IEEE 802.3ah can provide LFM for Ethernet services that are delivered over any underlying transport technology, including over Ethernet over copper (EoCu), active fibre (EoF), passive fibre (EPON), copper PDH circuits (EoPDH), and SONET (EoS). However, not all networking equipment supports the relatively new 802.3ah standard. Therefore, comparable methods available from the transport network technology are often used as an alternative method to achieve similar results, e.g., DS1/DS3 loopback capability for EoPDH services or terminal and facilities loopbacks for SONET circuits providing EoS services.

Meanwhile, IEEE 802.1ag and ITU-T Y.1731 collectively define CFM, which allows service providers to manage each subscriber’s end-to-end Ethernet service interconnecting two or more locations (UNIs). The service connectivity is logically represented by an EVC. At each subscriber location, the UNI may have one or more services (EVCs) instances. Therefore, CFM is performed for each EVC and if the EVC supports more than one class of service (CoS), CFM is performed per CoS. CFM enables the service provider to determine the operational status of an EVC (or CoS per EVC) and defines the troubleshooting tools to isolate the failure.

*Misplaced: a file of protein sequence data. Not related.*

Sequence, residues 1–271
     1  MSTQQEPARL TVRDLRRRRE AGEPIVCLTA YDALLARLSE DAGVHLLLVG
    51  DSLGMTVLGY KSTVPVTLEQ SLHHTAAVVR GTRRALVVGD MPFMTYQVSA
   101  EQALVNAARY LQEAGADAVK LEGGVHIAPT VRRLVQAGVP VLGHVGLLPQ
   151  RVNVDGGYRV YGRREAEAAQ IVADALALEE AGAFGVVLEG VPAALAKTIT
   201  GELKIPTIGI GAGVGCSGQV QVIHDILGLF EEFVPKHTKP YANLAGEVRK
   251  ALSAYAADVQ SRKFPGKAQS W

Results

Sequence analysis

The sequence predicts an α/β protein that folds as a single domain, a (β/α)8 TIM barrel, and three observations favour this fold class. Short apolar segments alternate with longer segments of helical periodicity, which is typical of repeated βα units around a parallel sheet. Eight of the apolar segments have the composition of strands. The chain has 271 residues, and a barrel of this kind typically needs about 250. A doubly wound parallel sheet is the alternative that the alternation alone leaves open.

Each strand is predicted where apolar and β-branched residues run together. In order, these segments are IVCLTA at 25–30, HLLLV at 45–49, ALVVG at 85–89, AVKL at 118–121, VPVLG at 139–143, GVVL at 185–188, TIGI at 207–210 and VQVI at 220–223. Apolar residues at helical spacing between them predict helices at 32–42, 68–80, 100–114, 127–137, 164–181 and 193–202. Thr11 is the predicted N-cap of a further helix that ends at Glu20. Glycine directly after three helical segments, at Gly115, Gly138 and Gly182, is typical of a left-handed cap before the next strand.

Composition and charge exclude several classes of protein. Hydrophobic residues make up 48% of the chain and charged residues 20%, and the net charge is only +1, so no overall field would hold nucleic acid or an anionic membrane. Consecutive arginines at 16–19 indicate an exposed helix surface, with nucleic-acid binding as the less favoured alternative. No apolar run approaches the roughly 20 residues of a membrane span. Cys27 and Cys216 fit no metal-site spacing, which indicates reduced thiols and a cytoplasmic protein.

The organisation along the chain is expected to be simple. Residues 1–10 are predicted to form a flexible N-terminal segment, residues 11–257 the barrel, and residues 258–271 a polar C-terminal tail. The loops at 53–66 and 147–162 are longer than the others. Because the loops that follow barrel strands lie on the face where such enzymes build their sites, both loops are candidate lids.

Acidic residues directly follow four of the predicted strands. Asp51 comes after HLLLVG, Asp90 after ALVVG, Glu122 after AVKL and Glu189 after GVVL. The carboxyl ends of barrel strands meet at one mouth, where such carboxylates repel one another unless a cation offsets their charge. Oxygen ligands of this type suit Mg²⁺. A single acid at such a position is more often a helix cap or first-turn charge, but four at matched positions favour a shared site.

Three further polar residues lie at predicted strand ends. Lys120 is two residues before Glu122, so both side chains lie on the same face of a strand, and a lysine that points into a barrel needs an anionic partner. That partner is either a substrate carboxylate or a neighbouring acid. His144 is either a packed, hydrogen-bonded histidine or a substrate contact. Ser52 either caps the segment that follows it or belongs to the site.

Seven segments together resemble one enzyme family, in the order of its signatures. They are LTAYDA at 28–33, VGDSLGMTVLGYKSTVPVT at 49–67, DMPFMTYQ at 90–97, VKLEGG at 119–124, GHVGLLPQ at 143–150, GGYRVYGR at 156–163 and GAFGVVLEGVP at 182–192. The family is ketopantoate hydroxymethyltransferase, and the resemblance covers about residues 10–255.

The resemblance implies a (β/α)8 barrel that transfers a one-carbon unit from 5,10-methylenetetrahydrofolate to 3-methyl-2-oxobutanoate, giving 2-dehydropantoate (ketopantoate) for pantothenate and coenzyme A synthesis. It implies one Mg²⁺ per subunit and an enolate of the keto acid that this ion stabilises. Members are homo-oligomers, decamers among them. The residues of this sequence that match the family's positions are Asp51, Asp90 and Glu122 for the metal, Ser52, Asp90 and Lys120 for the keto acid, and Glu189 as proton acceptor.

CFM provides four fundamental capabilities:

  • Ethernet continuity checking: Just like an electrician uses an ohmmeter to test an electrical circuit’s continuity to find faults in the wire, continuity checking capability for Ethernet networks enables the NOC to determine if an entire EVC or segments of an EVC at intermediate points in the network are operational. Continuity check messages are also used as “heartbeats” that can be used to indicate an EVC failure and inform the network to switch the EVC to traverse a backup path.